Caring for a Blind Horse

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Horse Eyes

While it is not all that common for horses to go completely blind, it does happen. One of the most common causes of blindness in horses is as a consequence of chronic anterior uveitis, often referred to as moon blindness. Uveitis is a disease of the tissues (uvea) that make up the pupil of the eye. With chronic inflammation, the horse may develop a number of secondary problems within the eye: a) cataracts that reduce the opacity of the lens, or b) the eye can lose its fluid and pressure and much like a grape that dries out and shrivels to a raisin, so too, can the eye – this is called pthysis bulbi.

Usually an eye with anterior uveitis is a painful eye and it is obvious that the horse is in distress. He will hold his eye squeezed shut, particularly in bright light. His eye may produce a lot of tears and/or the conjunctiva is red and inflamed. Another tip that a horse’s eye is painful comes from the eyelashes – instead of pointing outward, they point down. It is important to have your veterinarian examine a horse with a painful eye immediately to minimize the risk of other problems developing that potentially lead to blindness.

In some cases, a horse may slowly go blind without you knowing. This is more common when the eye isn’t painful and so you have no way to measure what is going on in the eye, such as cataracts or the slow dissipation of the globe of the eye as it loses its normal fluid and pressure. Less commonly, a horse may develop cancer, like squamous cell carcinoma or lymphosarcoma within the eye tissues – some cancers may be aggressive enough to necessitate removal of the eye. On rare occasions, a horse may run into a solid wall or tree with his head with sufficient impact to elicit retinal degeneration that leads to blindness.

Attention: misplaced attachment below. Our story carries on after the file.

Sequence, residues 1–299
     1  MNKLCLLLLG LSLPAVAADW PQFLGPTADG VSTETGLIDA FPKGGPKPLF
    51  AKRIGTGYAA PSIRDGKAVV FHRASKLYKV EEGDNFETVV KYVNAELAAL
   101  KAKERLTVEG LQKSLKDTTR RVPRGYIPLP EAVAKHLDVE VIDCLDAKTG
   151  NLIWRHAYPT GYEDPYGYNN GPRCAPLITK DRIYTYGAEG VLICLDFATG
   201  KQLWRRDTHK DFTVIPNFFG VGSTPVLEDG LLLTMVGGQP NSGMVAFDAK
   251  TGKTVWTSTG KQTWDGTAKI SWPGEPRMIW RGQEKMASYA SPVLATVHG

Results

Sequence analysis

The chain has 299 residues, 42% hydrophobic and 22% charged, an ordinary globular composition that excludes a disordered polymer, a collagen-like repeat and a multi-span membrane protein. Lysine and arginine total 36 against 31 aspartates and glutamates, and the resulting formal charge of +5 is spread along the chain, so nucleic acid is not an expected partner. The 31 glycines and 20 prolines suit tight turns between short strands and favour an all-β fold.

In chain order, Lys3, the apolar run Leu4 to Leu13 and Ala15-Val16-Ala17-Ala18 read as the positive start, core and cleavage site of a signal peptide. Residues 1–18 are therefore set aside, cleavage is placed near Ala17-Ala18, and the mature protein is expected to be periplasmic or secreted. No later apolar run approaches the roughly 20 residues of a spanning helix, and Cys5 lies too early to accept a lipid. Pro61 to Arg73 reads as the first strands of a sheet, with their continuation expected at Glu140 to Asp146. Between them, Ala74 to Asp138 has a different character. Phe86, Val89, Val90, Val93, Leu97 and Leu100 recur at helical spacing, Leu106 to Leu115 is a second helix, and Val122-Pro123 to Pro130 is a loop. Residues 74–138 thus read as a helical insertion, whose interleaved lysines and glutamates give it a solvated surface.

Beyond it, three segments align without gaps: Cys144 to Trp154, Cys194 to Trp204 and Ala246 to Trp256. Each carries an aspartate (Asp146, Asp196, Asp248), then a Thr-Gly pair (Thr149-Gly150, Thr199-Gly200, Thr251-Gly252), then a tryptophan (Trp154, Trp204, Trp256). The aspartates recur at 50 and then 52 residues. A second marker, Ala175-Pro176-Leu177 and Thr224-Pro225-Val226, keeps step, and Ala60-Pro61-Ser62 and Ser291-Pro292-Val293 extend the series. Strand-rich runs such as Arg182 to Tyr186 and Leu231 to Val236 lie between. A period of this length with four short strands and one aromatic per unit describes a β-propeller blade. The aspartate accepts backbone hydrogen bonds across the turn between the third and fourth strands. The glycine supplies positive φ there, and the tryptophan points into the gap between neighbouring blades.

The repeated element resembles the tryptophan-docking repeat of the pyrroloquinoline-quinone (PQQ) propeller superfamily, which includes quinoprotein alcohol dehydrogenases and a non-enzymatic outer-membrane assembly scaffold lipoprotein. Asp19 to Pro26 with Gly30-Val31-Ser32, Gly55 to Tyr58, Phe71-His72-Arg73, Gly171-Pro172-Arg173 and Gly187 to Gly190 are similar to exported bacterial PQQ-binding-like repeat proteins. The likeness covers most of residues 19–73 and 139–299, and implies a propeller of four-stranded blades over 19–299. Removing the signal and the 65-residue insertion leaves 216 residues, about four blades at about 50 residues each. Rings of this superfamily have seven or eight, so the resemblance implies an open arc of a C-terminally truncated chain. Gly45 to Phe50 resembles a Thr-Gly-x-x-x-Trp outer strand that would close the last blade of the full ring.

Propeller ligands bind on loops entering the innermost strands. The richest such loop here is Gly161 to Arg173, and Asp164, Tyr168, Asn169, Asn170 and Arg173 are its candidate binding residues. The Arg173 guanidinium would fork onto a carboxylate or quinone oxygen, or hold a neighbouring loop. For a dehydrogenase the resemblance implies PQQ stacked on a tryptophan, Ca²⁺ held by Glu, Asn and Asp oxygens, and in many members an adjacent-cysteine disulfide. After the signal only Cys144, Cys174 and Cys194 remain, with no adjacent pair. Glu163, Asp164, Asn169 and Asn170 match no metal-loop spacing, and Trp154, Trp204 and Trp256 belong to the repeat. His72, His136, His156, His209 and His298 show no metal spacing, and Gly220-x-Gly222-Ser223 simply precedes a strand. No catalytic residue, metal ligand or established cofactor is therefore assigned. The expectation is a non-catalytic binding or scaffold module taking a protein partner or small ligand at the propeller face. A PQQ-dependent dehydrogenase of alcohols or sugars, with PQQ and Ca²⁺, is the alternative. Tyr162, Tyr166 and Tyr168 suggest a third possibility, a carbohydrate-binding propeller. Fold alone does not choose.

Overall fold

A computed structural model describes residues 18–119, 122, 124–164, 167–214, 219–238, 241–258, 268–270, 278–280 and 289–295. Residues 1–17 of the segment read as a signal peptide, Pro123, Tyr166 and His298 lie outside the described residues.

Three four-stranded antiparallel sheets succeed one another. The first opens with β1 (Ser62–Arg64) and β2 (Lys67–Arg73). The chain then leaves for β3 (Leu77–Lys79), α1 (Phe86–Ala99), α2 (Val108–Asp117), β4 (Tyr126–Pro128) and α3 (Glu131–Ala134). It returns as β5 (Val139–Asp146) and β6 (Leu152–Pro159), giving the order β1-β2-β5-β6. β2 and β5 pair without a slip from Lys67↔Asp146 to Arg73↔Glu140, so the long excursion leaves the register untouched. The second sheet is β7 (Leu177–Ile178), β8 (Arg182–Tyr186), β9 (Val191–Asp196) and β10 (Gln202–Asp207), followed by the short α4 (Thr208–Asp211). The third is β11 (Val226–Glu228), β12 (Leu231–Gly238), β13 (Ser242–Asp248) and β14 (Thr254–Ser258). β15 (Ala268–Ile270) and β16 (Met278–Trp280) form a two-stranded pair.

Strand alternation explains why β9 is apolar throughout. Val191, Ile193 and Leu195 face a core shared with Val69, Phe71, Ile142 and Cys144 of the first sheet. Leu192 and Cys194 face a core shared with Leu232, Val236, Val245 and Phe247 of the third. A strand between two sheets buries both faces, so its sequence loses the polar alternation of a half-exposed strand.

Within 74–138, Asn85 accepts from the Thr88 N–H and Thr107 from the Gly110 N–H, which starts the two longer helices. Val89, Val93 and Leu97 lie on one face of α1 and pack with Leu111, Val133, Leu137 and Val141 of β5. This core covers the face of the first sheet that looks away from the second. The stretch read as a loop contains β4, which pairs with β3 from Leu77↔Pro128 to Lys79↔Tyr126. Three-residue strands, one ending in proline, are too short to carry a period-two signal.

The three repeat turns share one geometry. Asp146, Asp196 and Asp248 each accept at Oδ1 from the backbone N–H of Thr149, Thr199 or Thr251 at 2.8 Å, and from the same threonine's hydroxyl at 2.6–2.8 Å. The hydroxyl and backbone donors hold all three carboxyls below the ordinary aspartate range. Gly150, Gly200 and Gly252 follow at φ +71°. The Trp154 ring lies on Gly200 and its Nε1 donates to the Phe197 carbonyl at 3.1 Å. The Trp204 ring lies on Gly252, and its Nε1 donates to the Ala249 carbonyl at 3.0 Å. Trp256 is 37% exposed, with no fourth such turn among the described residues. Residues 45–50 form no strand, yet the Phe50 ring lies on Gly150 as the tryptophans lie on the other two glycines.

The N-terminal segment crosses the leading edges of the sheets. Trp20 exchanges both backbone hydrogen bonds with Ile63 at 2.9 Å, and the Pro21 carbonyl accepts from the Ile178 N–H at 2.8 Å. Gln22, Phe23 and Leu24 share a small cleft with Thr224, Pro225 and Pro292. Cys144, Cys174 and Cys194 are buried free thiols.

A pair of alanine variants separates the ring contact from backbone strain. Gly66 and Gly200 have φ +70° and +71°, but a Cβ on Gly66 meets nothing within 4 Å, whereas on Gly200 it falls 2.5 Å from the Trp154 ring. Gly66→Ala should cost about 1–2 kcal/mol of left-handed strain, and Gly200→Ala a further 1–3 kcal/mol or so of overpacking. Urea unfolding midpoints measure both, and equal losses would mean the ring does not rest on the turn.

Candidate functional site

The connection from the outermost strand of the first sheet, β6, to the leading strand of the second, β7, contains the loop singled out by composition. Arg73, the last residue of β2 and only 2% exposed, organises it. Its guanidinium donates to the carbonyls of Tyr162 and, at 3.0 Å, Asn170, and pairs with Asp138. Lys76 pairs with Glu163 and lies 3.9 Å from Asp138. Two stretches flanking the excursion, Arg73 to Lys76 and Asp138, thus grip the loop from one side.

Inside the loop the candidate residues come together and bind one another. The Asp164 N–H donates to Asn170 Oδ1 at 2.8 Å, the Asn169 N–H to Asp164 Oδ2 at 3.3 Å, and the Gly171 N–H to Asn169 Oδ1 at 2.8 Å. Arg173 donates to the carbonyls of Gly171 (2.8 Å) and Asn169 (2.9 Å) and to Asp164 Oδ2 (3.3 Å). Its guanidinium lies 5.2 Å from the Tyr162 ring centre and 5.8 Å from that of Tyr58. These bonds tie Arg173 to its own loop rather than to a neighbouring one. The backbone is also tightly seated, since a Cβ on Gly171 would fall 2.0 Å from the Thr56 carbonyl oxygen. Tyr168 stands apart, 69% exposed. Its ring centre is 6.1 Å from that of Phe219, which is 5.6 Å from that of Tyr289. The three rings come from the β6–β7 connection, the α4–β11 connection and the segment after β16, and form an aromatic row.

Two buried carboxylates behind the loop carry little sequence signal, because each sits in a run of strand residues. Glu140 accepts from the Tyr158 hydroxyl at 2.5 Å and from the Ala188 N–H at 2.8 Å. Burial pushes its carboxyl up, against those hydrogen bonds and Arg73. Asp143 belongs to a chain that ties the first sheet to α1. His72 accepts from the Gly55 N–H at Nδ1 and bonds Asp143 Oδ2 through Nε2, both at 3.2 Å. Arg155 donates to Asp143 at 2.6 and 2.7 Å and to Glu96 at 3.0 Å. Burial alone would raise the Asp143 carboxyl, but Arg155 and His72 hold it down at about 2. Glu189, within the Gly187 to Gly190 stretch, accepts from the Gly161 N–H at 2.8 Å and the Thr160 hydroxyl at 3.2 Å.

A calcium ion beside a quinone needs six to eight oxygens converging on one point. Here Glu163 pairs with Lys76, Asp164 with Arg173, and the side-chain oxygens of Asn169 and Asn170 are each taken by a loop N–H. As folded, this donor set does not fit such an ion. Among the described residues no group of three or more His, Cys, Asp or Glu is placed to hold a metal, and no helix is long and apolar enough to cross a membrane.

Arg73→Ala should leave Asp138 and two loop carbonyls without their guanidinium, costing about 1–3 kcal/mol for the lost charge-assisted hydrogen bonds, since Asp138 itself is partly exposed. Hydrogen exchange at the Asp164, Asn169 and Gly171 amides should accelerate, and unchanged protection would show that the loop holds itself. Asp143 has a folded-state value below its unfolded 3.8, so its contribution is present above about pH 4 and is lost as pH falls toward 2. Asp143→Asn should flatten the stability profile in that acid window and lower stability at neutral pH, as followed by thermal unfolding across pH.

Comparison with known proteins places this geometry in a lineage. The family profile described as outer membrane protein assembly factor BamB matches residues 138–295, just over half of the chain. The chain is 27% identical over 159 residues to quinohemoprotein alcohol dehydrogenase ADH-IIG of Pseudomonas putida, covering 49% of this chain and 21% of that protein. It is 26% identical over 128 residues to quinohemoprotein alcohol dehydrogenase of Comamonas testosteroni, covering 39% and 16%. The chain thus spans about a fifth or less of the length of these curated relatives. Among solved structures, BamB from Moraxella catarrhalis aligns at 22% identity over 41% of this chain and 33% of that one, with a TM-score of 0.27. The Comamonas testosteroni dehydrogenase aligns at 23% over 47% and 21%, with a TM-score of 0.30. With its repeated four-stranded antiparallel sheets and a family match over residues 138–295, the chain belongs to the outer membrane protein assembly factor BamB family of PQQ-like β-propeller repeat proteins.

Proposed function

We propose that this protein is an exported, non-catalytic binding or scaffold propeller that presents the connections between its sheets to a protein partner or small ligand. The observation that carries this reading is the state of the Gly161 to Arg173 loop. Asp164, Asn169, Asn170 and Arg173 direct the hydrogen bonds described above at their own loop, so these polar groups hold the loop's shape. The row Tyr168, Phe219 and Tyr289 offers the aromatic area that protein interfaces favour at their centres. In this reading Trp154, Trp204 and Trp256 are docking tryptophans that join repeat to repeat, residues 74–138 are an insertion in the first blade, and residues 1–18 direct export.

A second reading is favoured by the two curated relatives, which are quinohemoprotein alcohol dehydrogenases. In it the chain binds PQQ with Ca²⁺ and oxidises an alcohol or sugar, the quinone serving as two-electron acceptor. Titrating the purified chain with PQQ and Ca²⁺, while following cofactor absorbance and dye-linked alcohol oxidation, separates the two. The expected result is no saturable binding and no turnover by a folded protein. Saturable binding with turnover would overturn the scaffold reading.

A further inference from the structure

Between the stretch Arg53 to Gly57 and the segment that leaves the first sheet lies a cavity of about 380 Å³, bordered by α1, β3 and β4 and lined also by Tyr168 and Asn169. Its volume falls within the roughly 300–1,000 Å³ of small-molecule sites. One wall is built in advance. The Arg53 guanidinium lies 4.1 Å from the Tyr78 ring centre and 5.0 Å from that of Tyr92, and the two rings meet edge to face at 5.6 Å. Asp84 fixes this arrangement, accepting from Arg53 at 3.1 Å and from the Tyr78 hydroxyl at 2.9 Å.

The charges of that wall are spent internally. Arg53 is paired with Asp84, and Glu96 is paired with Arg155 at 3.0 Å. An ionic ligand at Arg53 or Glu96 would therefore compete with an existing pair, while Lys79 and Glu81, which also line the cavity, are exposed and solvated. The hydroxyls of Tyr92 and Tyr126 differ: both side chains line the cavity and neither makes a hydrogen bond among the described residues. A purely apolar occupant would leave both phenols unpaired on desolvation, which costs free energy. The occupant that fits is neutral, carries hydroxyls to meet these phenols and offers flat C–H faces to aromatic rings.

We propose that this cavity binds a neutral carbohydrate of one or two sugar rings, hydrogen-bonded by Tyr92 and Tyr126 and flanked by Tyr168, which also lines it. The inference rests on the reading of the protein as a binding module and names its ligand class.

What Signs Might You See?

Just as you’d expect with reduced vision, you may notice that your horse bumps into doorways or rails as he is led from the stall or barn or through a gate, or that he tends to spook more often than usual, especially in low light areas. He may exhibit behavioral changes such as being more anxious and jumpy, or unusually stubborn about moving when led or ridden. As vision progressively fades, you may notice your horse tilting his head in odd positions in an effort to better move something into his field of remaining vision, or as a way of focusing his auditory senses.

In less obvious cases of vision loss, one way to ascertain how well your horse sees is to set up an obstacle course in an arena or other safe location and securely blindfold one of your horse’s eyes. Then, lead him through the course and see if he continually runs into things on the non-blindfolded side. Switch the blindfold to the other eye and see if that changes anything. In addition, a veterinary examination of the eyes with specialized instruments can provide a wealth of information as to the health of internal eye structures.

Living Arrangements

For any horse that is experiencing vision problems, it is important to house him in a safe environment in which he is familiar and can get around without entanglement or entrapment. Be cognizant of the horses he shares space with as he isn’t as able to get away or protect himself from even the most casual bullying. A herd situation isn’t the best idea as this presents him with too much for him to contend with – social ranking, food competition, to name a few situations. It is best to pair him up with a compatible companion horse with good eyes. Such a “seeing-eye horse guide” can help your vision-challenged horse navigate his living area, whether it is paddock or pasture. A completely blind horse will tag close to his friend and simply follow him wherever he goes. It may be helpful to place a bell on the companion horse initially while the blind horse adjusts to his new seeing-eye companion. And, your horse’s whiskers are an additional navigation tool for him to feel his way around his environment – don’t shave away those wonderful sensing hairs!